The changes were the result of four bills signed into law by Gov. Mike DeWine. He called House Bill 1 the most significant amongst the reforms. That bill broadens the use of diversion for persons charged with certain criminal charges if they complete drug or alcohol treatment programs. It also makes it easier for thousands of Ohioans to seal their conviction records and reduces incarceration due to technical violations of probation.
“There is broad consensus in this country that people who commit crimes—non-violent offenses—because the fact that they’re an addict, we all want to see them succeed. We want them to get clean, stay clean, and be good members of society,” said DeWine, a former prosecutor and state attorney. “There is broad consensus that if they can get clean and on a pathway, we don’t want to tag them with a felony conviction.”
DeWine signed other bills to reduce “collateral consequences” of criminal convictions. “Again, we have broad consensus that we shouldn’t be having those,” said DeWine. “Once a person has served their time or served their probation, probably they should be able to move on with their lives.”
House Bill 263, dubbed the Fresh Start Act, removes barriers to occupational licenses for persons with criminal records. Under that law, licensing boards cannot consider nonviolent, nonsexual offenses that occurred more than five years ago, or ten years previous for fiduciary licenses. Boards are prohibited from enacting “blanket bans” and they must spell out what convictions would disqualify someone from a license.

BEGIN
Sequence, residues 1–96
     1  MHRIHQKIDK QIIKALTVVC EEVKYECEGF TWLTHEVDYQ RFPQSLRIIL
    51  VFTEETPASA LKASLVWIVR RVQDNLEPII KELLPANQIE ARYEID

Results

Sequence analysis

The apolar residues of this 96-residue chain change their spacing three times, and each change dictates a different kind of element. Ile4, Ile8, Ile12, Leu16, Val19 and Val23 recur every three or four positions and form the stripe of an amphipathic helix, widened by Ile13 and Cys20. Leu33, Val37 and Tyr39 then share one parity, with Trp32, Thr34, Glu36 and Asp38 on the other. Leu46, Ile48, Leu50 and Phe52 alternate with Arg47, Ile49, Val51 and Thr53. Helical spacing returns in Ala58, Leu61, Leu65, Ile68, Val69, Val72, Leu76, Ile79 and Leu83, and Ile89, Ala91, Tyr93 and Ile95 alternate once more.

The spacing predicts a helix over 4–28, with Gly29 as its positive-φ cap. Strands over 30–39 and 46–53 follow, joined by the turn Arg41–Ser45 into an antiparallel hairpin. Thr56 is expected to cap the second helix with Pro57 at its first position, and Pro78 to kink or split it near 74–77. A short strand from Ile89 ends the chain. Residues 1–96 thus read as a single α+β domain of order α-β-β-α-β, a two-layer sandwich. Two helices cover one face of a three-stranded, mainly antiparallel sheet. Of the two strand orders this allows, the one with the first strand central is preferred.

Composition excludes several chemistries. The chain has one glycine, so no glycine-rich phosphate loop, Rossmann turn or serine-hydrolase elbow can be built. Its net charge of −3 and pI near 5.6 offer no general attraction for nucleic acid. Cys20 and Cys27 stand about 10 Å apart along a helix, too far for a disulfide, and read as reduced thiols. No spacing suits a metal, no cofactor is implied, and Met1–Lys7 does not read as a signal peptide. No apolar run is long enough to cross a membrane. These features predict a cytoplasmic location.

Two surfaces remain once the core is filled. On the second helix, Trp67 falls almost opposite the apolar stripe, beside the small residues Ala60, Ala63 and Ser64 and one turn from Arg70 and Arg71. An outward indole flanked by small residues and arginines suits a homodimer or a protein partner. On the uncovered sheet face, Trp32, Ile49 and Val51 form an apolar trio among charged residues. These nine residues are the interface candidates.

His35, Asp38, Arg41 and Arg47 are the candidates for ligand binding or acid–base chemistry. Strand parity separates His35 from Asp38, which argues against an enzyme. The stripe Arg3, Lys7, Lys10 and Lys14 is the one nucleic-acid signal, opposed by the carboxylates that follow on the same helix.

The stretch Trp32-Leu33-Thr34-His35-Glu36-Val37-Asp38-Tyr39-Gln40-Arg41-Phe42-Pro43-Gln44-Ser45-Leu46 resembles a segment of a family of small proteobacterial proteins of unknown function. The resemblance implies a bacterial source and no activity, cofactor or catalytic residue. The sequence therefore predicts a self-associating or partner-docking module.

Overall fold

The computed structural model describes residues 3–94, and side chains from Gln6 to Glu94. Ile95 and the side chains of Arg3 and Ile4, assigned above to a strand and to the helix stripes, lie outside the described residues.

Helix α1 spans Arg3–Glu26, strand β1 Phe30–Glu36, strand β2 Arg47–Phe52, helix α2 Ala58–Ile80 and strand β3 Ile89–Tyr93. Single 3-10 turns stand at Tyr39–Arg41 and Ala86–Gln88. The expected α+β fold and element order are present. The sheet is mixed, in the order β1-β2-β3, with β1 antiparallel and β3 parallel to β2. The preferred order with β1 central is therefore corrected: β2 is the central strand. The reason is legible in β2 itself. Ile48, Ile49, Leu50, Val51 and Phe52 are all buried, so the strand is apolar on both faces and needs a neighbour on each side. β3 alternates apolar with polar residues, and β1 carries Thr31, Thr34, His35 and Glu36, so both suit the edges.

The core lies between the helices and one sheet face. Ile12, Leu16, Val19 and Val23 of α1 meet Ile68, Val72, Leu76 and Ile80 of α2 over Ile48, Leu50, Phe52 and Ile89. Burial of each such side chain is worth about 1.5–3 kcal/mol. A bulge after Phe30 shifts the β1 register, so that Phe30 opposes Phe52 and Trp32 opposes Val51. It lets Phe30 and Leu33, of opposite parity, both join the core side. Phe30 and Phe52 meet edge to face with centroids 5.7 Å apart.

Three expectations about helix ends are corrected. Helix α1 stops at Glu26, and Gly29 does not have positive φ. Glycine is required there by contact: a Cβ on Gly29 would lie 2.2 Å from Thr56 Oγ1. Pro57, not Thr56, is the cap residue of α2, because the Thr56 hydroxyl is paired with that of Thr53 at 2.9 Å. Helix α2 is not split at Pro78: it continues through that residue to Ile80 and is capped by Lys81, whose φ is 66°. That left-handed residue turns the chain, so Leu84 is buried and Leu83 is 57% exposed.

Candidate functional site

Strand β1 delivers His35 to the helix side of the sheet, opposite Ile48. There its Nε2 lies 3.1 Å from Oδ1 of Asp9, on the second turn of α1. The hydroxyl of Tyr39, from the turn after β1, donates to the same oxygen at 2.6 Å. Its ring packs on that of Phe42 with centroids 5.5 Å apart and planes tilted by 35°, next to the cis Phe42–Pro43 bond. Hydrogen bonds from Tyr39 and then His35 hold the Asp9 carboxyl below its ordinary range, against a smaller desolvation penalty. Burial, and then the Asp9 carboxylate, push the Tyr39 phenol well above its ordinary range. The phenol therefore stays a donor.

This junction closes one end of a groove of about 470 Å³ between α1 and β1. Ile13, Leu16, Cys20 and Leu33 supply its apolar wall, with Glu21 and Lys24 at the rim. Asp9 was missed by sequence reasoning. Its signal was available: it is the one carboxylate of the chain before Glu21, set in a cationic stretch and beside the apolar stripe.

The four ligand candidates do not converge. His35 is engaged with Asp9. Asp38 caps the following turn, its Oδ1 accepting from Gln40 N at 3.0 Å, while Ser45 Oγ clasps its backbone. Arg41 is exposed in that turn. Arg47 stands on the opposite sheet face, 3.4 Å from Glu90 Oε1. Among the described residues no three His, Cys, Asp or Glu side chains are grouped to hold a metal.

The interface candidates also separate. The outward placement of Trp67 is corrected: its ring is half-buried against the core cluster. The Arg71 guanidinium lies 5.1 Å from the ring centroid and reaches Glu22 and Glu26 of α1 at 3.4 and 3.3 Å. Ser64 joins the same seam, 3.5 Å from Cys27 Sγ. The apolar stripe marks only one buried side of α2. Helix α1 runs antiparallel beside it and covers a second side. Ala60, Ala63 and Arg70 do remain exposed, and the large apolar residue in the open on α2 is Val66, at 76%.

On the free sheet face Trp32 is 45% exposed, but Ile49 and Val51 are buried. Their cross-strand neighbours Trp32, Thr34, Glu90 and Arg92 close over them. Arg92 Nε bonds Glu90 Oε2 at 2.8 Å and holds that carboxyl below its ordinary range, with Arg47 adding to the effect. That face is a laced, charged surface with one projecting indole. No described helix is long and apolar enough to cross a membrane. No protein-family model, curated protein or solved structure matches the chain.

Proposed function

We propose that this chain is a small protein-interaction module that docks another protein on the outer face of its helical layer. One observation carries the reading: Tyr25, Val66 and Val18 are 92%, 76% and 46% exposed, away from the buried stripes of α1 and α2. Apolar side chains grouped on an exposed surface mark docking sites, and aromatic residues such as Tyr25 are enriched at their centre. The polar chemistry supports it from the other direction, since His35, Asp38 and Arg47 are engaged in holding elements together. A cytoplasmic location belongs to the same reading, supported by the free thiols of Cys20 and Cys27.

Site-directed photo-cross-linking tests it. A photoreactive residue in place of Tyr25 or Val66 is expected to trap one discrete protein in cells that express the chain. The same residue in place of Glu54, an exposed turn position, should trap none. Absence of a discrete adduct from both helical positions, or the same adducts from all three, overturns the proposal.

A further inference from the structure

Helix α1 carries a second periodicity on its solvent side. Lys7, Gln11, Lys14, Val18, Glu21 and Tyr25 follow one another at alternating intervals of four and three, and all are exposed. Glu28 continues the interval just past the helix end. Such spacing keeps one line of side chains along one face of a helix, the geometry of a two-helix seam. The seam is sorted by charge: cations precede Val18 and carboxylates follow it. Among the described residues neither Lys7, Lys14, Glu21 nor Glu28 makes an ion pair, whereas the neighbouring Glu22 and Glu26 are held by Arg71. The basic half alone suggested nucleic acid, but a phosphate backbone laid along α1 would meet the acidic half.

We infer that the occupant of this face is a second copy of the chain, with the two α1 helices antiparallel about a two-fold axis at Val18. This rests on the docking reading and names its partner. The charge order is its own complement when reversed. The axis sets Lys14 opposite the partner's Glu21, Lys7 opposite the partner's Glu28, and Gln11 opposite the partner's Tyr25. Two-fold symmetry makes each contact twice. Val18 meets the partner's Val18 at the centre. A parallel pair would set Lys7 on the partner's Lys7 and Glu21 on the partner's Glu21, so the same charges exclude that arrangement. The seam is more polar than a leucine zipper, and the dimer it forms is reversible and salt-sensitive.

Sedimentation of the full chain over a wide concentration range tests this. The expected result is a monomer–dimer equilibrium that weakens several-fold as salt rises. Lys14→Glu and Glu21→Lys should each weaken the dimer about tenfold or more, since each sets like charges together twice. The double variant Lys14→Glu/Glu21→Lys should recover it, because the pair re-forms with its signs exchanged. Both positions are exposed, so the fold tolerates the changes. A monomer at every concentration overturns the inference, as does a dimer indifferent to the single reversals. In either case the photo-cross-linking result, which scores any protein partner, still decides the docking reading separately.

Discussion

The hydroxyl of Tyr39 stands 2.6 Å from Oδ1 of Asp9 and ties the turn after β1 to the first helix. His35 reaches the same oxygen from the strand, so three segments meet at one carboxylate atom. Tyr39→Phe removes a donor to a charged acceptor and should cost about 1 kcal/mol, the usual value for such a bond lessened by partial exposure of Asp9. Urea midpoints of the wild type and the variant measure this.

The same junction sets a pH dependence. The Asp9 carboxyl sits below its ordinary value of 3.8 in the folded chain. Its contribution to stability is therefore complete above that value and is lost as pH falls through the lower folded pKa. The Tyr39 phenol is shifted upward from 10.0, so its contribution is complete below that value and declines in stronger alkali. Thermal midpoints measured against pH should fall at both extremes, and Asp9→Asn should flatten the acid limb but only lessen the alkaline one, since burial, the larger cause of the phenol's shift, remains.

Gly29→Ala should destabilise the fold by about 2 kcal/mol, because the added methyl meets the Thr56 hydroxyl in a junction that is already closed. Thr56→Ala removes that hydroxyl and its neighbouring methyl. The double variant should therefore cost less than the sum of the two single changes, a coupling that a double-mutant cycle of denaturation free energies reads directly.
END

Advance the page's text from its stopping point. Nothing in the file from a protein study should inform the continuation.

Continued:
Senate Bill 68 will help people from falling into the “DMV cycle of death” that starts with a driver’s license suspension and forces a choice of driving on a suspended license or losing employment. Under this new law, people who cannot afford to pay for driver license reinstatement can perform community service instead. The Ohio Bureau of Motor Vehicles reported that 1.1 million Ohioans had their license suspended in 2017.
Finally, Senate Bill 256 abolished life without parole for offenders who were under 18 at the time of their crime. It also set timeliness for parole eligibility for juvenile offenders serving extended terms. The Bill’s sponsor, former state senator Peggy Lehner, testified during hearings that youths’ brains do not develop fully until they are 25 and they have a unique opportunity for rehabilitation. “It is not fair to punish a child in the same way as an adult because a child is still developmentally immature,” Lehner said.
The number and scope of the criminal justice reform for the 2020 session was called “remarkable” by Kevin Werner of the Ohio Justice and Policy Center.
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